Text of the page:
DESALINATION RESOURCES

  • Coastal urban centers around the world are urgently looking for new, sustainable water sources as their local supplies become less reliable. In the U.S., the issue is especially pressing in California, which is coping with a record-setting, multidecadal drought.

  • Brine is everywhere: desalination plants, gas and oil drillings, energy generation plants, mines, cooling towers, food manufacturing plants, chip fabrication, and many other industries that require high volumes of water. They all generate brine as a byproduct of their processes.

  • Among the plethora of social problems that impact people all over the globe, some are very easy to solve while others may take millennia to resolve completely. Social concerns are developing and evolving constantly, and novel challenges are frequently thrust to the fore.

  • Singapore is using desalination as part of the solution to their water supply issue in order to provide enough clean drinking water for its ever-growing population of 5.5 million.

  • A staggering four billion people — two-thirds of the world’s population — experience water scarcity each year, and more than half lack access to safe sanitation services. The severity of this global water crisis will only increase as populations continue to rapidly grow, industries exhaust shared resources and extreme weather events exacerbate shortages. If we don’t act urgently, 700 million people could be displaced by intense water scarcity in just a few short years.

  • Sea water desalination is unequivocally the future of drinking water production for coastal communities and island nations in current times of water scarcity. It is already used quite heavily in a few countries. Saudi Arabia, the United Arab Emirates, and the United States are the top three desalination producers of drinking water by capacity in the world followed by Australia, China, and Kuwait.

  • While it is true that more than half of our planet’s surface is covered in water, a vast majority of it is saline. Fresh water, the water we use in hundreds of ways every day, constitutes only 2.5 % of all the water on the Earth. Today, the world faces what is known as the water crisis. Parts of the world do not have access to this most vital resource on the planet. Therefore, a focus on water recycling and water reuse is required to optimize the use of our critical water resources.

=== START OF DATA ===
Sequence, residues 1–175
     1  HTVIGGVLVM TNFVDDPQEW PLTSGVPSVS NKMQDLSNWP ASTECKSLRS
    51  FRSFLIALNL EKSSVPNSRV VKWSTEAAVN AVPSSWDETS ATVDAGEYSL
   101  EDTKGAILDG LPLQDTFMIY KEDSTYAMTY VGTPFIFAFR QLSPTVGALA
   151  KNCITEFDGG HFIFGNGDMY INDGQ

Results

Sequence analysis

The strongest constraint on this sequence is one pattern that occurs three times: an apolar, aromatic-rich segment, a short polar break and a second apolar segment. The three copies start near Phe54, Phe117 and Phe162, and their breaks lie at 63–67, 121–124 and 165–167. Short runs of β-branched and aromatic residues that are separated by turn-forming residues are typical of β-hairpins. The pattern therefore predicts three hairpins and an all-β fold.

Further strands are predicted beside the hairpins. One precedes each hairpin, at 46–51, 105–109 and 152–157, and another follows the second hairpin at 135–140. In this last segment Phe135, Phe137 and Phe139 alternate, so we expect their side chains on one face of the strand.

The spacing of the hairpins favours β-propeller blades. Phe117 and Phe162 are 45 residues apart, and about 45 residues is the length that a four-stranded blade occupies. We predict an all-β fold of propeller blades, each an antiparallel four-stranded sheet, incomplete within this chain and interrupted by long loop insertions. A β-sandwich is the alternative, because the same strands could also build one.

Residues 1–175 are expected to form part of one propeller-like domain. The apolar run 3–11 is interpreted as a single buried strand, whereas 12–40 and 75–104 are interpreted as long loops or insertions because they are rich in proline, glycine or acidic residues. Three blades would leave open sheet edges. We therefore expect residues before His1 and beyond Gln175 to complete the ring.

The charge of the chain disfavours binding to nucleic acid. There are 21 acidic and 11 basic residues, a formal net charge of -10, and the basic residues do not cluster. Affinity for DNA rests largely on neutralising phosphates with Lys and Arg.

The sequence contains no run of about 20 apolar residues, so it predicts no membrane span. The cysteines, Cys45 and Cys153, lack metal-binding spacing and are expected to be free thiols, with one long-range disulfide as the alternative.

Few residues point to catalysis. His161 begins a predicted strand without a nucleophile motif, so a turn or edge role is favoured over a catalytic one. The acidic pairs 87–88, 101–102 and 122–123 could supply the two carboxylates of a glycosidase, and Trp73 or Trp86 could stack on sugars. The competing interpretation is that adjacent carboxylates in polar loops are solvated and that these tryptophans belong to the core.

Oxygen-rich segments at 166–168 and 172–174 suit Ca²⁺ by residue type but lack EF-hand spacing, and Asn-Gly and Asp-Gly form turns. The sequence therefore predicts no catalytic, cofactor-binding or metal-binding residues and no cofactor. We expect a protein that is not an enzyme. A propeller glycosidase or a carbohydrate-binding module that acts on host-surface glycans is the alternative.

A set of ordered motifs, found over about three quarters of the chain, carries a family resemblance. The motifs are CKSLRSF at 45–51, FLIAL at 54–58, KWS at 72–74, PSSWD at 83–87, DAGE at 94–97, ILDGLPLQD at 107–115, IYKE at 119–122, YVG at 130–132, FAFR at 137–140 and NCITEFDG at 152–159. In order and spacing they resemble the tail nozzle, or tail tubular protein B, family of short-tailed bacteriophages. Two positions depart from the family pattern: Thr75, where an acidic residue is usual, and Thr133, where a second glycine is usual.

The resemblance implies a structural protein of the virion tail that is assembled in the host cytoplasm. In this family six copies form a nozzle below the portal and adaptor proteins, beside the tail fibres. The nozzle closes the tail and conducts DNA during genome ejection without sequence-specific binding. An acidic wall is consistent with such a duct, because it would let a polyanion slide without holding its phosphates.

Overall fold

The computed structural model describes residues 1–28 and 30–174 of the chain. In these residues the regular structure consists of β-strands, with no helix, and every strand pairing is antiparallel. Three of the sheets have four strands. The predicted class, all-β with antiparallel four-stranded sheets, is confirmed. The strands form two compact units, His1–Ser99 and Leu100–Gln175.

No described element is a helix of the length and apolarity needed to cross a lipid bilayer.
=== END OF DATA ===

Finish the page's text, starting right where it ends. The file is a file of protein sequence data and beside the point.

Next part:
• Altamonte Springs’ implemented a pilot program called the pureALTA project with two primary goals – to serve as platform for future potable water reuse efforts; and to educate the 45,000 residents about the benefits of potable water reuse.

  • As the agriculture economy boomed, needs for freshwater demanded by irrigation, tourism and the local community also grew in Campo de Dalías, a coastal region on the Mediterranean Sea. As a result, the region faced overexploitation of groundwater aquifers. Read the full case study to learn how Toray was selected as the sole membrane supplier for a two-pass system for a newly implemented national desalination plan.

  • Iran is facing a water crisis. The World Resources Institute says it’s number 4 on the crisis list after Israel, Lebanon, and Qatar.  Water consumption is increasing, aquifers have been drunk dry, and investment is inadequate.

DESALINATION SOLUTIONS

  • MARINER OMNIPURE® Series M55 Marine Sewage System

    The MARINER OMNIPURE® Series M55 marine sewage treatment units offer a unique approach to wastewater treatment on smaller vessel, workboat and yacht applications. MARINER OMNIPURE Series M55 features a bulkhead mounting arrangement — a first of its kind — that provides safe and effective treatment of the wastewaters on board your vessel. The system results in discharge effluent quality well within the MEPC.159(55) requirements.

  • MECTAN® Grit Chamber

    Grit is a source of problems in wastewater treatment facilities, which causes wear and tear on mechanical equipment, decreases the effective treatment volume in basins, causes pipe blockages and generally increases operating costs

  • Modular Onsite Storage Systems

    With the high cost of infrastructure replacement and demands for more stringent environmental standards, newterra modular treatment systems are driving the adoption of decentralized solutions.

  • WATERTRAK™ Ultrafiltration These filtration systems use hollow fiber membranes to remove particulate down to 0.1 micron (SDI normally <1). These systems normally operate at 90-95% recovery and can be offered as dead end or in cross flow configuration.
  • Toray RO Seawater RO Elements

    Following 4”, 8” and 16” membranes can be used in multiple membrane systems to treat sea water or high salinity water > 10’000 ppm. The 4” membrane types can be used for small private or shipboard sea water desalination.

DESALINATION VIDEOS

Worldwide Business with Kathy Ireland® recently showcased an interview with Tom Vossman, CEO of newterra, Ltd., leaders in decentralized water treatment solutions. Originally aired on January 21, 2018, at 5:30 pm (EST) on Fox Business Network.